Electric Motorcycles Gain Traction with a New Generation in a Classic Venue

Whether you’re soaring around a curve on the Pacific Coast Highway with the wind in your hair or getting to work faster than the crowd in downtown Miami, you can now do it with ZERO tailpipe emissions. The electric motorcycle is here to make your weekends more exciting, your workdays easier to navigate, and motorcycle rallies more tech-savvy than ever.

Electric motorcycles operate in the same way as cars. Electric motorcycles and scooters are simply EVs with two or three wheels. Electricity is stored on the bike in a rechargeable battery, which drives one or more electric motors. Both motorcycles and cars are charged the same way, with the same chargers. While batteries are heavy, electric motors are not, and a tank full of gasoline is unnecessary, making the bikes lighter than riders may imagine.

From large companies to start-ups, many manufacturers are getting in on the action, from high-powered ultra-fast motorcycles to three-wheelers practical in a city traffic commute. 2020 was a great year for electric motorcycles; in fact, sales of off-road motorcycles in general doubled last year, and this year maybe even better.

As EVs become more popular and the price of gas keeps going up, according to Electrek.com, “One of the biggest beneficiaries of the sales boost has been low-cost electric motorcycle and scooter manufacturers.”

Electrek also reports a boom in full-size and higher-cost motorcycles, including Italy’s Energica, which is set to double their sales in the US this year. From the Harley Davidson LiveWire to the Fly Free’s Smart Desert to the CSC CitySlicker to industry leader Zero’s SR/F, many models are emerging fast and showing up in more places than ever.

After the dangers of Covid and the cabin fever of lockdown, many people are looking to get into the great outdoors and try new things. A growing segment of the population is interested in motorcycles, but not in the pollution, noise, and maintenance of gas-fueled models, wanting to be outdoors without leaving a stream of emissions from a tailpipe. Greener, quieter options appeal to more and more riders, both new riders who may never have seen themselves with a motorcycle and experienced ones looking to try out new technology. These motorbikes are appearing in more and more unexpected places, even traditional motorcycle venues.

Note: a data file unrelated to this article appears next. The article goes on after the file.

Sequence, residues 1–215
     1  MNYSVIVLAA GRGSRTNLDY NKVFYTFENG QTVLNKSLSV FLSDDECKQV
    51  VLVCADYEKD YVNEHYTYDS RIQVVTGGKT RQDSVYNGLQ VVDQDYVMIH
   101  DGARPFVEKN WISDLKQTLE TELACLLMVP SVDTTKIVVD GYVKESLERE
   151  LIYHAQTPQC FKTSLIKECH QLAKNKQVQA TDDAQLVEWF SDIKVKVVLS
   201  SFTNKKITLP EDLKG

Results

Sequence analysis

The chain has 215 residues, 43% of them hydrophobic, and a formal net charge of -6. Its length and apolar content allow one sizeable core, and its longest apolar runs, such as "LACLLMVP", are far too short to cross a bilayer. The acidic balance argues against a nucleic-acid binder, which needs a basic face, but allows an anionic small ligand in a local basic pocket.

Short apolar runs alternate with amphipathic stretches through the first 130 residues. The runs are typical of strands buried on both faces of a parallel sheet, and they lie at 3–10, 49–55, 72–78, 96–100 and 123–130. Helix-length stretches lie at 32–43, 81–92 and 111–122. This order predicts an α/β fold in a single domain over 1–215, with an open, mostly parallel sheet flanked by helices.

Classic Rally, Cutting Edge Tech

Located in the Black Hills in western South Dakota, Sturgis (Aug. 6-15, 2021) is an annual motorcycle rally, which “attracts 500,000 to 750,000 bikers and motorcycle enthusiasts for a week of drag racing, death-defying stunts, and roaring concerts.” Sturgis was established in August of 1938 and hasn’t changed a great deal since then. However, technology has no better home than transportation, and motorcycles being ridden are changing with the times. Electric motorcycles are taking Sturgis by storm.

Last year, driver Jesse Dalba of Florida made waves at Sturgis by winning drag race after race on his LiveWire Harley Davidson. Explaining racing on an electric bike, Dalba said, “I really do believe it’s going to change the rules of drag racing. It’s really unfair- you don’t have to dump a clutch; you just pull the throttle and go. And what people realize is the power is instant. So, I can hit my breaks on the track and then still pass you because I can get full power.”

In fact, sponsor Harley Davidson is changing the focus of their iconic brand and concentrating on electric motorcycles for a younger crowd that seeks a different bike. While some e-motorcycle drivers may miss the Harley growl, most won’t. “For so long, we thought of motorcycles as being these raw, fire-breathing vehicles,” said Harlan Flagg, founder of Hollywood Electrics in Los Angeles. “Motorcyclists have done themselves a huge disservice by scaring people away with these ridiculously loud bikes that are obnoxious.”

Lack of interest in motorcycles took its toll on the industry. Some drivers stopped riding, and younger drivers aren’t as interested in motorcycles as other generations were. Ron Bartels, general manager of Bartels’ Harley-Davidson in Marina del Rey stated, “We need a new kind of customer.” An environmentally conscious generation, millennials, and Gen Z are buying less gas-guzzling and ear-splitting bikes but are still interested in the fun and freedom associated with motorcycles.

By appealing to a younger crowd while maintaining cyclist roots, electric motorcycles are here to stay.

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